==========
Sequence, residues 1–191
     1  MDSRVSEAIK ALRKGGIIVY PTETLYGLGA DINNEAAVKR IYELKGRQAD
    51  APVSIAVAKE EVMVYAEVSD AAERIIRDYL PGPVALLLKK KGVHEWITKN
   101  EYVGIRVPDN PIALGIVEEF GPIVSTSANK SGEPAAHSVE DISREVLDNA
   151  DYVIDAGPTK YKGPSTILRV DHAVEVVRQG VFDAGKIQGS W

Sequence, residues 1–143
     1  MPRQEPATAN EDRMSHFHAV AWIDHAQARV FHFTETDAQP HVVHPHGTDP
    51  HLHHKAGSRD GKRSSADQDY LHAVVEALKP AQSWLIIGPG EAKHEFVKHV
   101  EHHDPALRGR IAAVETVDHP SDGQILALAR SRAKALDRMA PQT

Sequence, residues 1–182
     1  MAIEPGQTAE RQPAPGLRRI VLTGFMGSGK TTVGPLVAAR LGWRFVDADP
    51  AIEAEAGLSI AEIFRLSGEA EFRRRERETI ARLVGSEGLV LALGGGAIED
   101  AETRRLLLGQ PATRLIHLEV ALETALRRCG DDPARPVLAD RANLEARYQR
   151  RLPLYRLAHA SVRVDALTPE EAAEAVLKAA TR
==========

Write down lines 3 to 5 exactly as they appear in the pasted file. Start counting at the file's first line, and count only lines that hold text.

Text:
    51  APVSIAVAKE EVMVYAEVSD AAERIIRDYL PGPVALLLKK KGVHEWITKN
   101  EYVGIRVPDN PIALGIVEEF GPIVSTSANK SGEPAAHSVE DISREVLDNA
   151  DYVIDAGPTK YKGPSTILRV DHAVEVVRQG VFDAGKIQGS W